The legendary Sunday Express Editor Sir John Junor certainly knew where he stood on beards.
To say he didn't like them wouldn't be accurate.
He detested them and it would have been a brave reporter indeed or news executive who even dared to sprout the slightest hint of 'facial fungus'.
So when I saw the pictures of the BBC's famed inquisitor Jeremy Paxman with his now infamous beard Sir John's famous dictum: “Never trust a man with a bow-tie, Never trust a man with a beard’’ immediately came to mind.
The resultant coverage was enormous with the Daily Mail devoting a double page spread to leading actors, pop stars and so on with pictures of them with beards and clean-shaven.
Even Mick Jagger sported one though inevitably it was after he became famous. He would never have plucked up courage to field one in his early years. That would have been career death.
Can you imagine a bearded James Bond for example?
Jesus Christ undoubtedly sported one and the idea of him being clean-shaven is clearly sacrilege. But apart from him I am not sure it is a good idea.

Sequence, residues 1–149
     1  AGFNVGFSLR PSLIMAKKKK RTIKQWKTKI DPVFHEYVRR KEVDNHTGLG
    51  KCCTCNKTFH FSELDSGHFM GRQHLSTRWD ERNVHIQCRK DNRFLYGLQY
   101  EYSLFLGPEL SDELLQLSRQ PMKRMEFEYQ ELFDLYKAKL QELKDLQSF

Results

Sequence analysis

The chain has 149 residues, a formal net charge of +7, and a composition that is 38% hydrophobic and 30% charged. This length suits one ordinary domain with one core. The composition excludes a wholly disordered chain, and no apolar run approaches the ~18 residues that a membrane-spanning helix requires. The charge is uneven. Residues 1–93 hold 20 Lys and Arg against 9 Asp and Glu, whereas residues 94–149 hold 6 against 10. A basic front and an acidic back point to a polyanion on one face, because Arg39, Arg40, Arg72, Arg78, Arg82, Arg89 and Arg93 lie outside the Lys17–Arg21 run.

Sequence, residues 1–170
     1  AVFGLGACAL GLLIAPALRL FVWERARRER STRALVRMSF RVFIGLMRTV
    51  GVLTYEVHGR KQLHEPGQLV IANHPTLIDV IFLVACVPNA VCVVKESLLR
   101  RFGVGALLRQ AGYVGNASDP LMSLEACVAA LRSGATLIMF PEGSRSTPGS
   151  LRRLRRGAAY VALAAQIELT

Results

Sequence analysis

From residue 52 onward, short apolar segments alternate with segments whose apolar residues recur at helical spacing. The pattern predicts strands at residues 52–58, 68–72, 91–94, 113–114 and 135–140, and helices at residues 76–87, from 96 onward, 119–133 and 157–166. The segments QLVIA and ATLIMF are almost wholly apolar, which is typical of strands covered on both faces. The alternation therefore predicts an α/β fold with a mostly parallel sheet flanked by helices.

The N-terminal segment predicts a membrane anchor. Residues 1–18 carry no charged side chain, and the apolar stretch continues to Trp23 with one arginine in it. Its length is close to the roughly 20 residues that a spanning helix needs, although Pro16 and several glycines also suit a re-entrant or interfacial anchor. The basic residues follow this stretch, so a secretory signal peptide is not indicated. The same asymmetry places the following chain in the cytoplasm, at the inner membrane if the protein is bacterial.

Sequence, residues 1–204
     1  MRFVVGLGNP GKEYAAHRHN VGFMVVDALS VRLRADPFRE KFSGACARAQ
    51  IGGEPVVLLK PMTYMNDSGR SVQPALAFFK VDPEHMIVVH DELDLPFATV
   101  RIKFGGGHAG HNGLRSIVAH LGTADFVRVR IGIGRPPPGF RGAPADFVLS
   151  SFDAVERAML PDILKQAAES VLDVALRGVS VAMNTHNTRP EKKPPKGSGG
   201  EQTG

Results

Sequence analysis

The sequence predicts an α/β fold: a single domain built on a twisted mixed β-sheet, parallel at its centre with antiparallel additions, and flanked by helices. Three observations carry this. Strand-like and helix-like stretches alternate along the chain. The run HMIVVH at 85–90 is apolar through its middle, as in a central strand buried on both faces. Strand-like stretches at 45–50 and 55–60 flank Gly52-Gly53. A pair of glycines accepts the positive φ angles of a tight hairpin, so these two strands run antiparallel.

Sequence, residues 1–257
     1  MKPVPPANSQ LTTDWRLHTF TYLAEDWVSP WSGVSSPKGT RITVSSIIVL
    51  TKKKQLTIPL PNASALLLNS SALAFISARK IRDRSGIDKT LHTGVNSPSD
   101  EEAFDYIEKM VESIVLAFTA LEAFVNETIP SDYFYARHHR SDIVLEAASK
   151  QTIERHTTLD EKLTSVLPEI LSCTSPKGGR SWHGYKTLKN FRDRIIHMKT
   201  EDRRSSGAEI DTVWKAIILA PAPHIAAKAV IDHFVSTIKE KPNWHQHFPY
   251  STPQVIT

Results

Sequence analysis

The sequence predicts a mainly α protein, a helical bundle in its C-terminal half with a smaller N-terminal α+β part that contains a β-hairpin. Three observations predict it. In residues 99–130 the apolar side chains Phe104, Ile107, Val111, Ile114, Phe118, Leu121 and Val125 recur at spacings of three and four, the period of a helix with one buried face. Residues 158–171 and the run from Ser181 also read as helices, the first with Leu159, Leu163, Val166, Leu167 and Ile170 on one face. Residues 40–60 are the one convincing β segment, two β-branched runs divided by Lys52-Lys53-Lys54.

I certainly cringe when I look at a thankfully, sideways photograph of my goodself when I very briefly grew a ‘semi-beard’, well, more a quarter one to be honest, many years ago.
Truth is few men improve their looks with one, but that urge to let it grow is like one of those manias which sometimes cannot be helped.
At this point it is always good to consult the ladies.
My newly married colleague Emma says her husband Chris would soon find himself in the West wing were he to attempt to grow one.
“OK for Father Christmas and perverts’’ is her withering putdown.
Other ladies seem to like a bit of stubble. On a train to Leeds recently three teenage girls were discussing a gently-bearded boy in their class.
“Oh, I think it adds a bit of interest and character to his face,’’ one said. Hmm.
Another middleaged lady had a rather different take, saying she felt a man with a beard was “trying to hide something’’.
So, a bit of stubble, OK, but full-grown beards don’t seem to win many fans. Emma, (again), “scratchy and uncomfortable’’.
And then there are the poor men who try but fail to grow one.
Remember Christopher Timothy, the actor who played vet James Herriot, lamentably failing to add more than a hint of stubble to his features when called upon to play Jesus Christ.